This invention relates to remote sensors.
It is frequently required to detect the presence of fire, smoke or toxic or flammable gases in locations where the presence of electrical transducers would present an additional fire hazard. Various ideas have been proposed to solve this problem by the use of optical fibres to convey signals to and from the transducer.
The present invention has the object of providing a simple low- cost sensor.
According to the present invention there is provided a remote sensor for sensing remotely the change in a physical parameter, the sensor comprising a source optical fibre providing an optical or infra-red input signal, a focussing arrangement for focussing the input signal on the end of a detector fibre or back into the input fibre, and means for detecting a change in the returned signal caused by a change in the parameter and for indicating the fact.
In order that the invention can be clearly understood reference will now be made to the accompanying drawings in which:
Figure 1 shows diagramatically one embodiment of the invention and Figure 2 shows a modification of Fig.1.
A basic form of the invention is illustrated in Figure 1. A cavity 1, open to the atmosphere, permits the ingress of the gas or smoke to be detected.
The length of the cavity will be dictated by the nature of the material to be detected and the order of sensitivity required.At one end of the cavity are provided a source fibre 2 and a detector fibre 3, located in conveniently close proximity to each other. At the remote end of the cavity is placed a concave spherical mirror 4, having a radius of curvature corresponding to the length of the cavity and a diameter sufficient to intercept the whole of the cone of light rays emerging from the source fibre 2. The spacing and angular relationship of the mirror and the two fibres is made such that the core end-face of the source fibre is imaged, in focus, upon the core end-face of the detector fibre.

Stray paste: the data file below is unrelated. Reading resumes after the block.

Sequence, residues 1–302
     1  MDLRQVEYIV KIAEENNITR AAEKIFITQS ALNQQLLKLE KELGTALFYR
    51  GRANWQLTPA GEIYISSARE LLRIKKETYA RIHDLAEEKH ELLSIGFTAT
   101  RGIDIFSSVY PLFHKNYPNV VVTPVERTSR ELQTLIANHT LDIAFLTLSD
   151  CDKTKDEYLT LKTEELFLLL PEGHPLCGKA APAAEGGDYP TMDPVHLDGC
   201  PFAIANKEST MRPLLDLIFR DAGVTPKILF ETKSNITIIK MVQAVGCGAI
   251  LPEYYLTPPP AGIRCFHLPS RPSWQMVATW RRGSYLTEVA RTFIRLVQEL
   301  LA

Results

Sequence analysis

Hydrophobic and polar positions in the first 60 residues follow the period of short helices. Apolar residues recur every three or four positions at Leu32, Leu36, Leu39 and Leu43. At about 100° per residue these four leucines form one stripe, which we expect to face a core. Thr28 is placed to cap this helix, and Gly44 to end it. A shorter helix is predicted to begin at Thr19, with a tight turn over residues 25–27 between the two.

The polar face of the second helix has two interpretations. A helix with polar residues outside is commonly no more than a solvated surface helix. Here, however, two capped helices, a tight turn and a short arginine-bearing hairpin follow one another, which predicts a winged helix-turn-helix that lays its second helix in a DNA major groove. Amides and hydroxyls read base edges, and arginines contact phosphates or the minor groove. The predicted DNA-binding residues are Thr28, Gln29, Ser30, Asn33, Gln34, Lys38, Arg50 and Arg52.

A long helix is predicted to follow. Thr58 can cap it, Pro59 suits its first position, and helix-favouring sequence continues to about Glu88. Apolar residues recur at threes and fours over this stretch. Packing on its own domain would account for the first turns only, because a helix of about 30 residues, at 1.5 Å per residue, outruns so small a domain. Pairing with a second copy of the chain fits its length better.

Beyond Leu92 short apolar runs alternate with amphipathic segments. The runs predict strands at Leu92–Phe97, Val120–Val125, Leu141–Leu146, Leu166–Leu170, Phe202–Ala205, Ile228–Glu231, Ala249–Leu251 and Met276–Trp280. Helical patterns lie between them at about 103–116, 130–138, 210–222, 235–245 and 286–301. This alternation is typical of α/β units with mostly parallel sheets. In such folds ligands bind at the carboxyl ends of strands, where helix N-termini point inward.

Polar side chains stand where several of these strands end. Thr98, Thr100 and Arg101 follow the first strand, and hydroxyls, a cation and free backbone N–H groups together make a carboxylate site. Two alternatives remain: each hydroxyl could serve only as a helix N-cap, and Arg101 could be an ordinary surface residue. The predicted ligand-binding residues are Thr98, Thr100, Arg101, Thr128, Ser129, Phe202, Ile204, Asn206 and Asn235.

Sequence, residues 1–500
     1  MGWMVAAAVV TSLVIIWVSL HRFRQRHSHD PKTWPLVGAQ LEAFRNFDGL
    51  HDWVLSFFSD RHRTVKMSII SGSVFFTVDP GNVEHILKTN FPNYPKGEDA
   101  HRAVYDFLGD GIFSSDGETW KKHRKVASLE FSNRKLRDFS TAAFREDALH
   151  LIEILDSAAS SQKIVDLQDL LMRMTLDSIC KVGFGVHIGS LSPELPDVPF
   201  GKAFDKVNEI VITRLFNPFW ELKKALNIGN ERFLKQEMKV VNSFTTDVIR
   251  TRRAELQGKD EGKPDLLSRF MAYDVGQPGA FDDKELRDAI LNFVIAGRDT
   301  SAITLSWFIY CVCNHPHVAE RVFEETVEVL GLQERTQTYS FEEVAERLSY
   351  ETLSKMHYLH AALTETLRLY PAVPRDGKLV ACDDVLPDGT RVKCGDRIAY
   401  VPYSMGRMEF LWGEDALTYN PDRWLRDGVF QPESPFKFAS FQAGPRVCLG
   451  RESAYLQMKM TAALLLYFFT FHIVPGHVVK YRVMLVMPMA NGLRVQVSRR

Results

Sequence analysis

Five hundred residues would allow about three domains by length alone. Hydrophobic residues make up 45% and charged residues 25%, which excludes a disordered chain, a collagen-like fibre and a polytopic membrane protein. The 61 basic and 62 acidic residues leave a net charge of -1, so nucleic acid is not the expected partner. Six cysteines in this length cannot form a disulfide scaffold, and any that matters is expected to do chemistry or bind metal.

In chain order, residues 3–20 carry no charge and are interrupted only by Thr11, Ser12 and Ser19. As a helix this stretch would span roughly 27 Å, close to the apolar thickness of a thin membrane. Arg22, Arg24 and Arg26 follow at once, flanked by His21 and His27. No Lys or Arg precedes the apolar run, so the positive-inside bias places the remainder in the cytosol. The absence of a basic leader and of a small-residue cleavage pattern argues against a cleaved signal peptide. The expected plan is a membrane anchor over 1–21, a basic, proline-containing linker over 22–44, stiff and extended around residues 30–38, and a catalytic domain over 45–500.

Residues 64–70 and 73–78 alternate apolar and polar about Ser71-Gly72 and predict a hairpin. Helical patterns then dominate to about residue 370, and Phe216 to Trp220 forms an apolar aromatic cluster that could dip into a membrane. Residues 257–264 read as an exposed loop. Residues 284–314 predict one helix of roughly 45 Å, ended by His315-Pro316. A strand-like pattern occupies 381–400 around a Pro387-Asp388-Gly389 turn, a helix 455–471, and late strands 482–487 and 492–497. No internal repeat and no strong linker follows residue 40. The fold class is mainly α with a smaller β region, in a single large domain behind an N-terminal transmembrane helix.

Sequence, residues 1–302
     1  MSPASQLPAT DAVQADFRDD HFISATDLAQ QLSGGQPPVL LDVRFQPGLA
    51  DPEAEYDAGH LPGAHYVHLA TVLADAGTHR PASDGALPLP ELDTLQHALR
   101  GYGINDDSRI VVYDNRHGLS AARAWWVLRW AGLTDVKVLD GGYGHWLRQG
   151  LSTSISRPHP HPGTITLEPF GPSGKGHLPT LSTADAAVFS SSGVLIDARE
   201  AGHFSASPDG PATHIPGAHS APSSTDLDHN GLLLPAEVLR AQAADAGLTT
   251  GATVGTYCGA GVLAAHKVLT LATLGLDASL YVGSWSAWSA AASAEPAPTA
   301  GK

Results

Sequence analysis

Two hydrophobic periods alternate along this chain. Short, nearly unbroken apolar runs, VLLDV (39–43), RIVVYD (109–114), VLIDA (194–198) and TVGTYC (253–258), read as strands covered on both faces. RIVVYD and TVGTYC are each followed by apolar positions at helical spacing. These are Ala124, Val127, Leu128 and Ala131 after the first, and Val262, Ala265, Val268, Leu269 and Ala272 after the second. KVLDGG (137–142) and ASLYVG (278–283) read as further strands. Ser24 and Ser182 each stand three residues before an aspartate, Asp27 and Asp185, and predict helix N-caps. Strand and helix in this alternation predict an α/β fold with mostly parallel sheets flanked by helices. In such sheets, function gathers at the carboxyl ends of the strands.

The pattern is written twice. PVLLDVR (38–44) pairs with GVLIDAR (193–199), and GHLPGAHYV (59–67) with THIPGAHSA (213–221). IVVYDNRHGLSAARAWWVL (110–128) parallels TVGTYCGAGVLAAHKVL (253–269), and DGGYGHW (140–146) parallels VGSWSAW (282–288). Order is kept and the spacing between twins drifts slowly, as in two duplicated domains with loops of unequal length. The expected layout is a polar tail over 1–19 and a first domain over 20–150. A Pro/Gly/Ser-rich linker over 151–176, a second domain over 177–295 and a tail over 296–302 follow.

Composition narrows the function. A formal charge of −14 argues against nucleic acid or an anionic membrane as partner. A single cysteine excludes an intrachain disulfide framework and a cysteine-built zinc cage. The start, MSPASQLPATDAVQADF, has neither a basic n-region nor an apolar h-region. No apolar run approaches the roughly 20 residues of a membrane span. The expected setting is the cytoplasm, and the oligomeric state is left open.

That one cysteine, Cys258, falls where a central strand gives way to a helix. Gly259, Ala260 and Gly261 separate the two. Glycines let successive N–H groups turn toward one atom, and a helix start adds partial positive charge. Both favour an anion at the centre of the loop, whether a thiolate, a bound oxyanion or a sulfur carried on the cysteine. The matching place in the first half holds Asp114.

The sensor so described can be placed in the hazardous area and the pair of optical fibres can be extended to a suitable safe position where the light source X, and detection circuits may be installed.
The light source, feeding into the remote end of the source fibre, might be a simple black-body radiator or a sinusoidally or pulse modulated device such as a semiconductor light-emitting diode or laser.The remote end of the detector fibre may feed any suitable photodetector Y appropriate to the wavelength of the transmitted light.
It will be apparent that the simplicity of the device leads to potentially very low production cost, and that, for appropriate applications, an extremely compact assembly may be achieved. For extremes of temperature or corrosive atmospheres, the complete assembly, including the mirror, may be constructed of a suitably resistant material, such as stainless steel, the limit being imposed only by the durability of the optical fibre material.
In the embodiment of Figure la a modification is envisaged in which the source fibre 2 and detector fibre 3 of Fig. 1 are one and the same fibre 2a (or bundle of fibres), and a beam splitter such as a half-silvered mirror 21 arranged to separate the "go" and "return" signals from the source X and to the detector Y.
Other modifications to this basic assembly are indicated, where appropriate, in describing, below, the various applications of the device.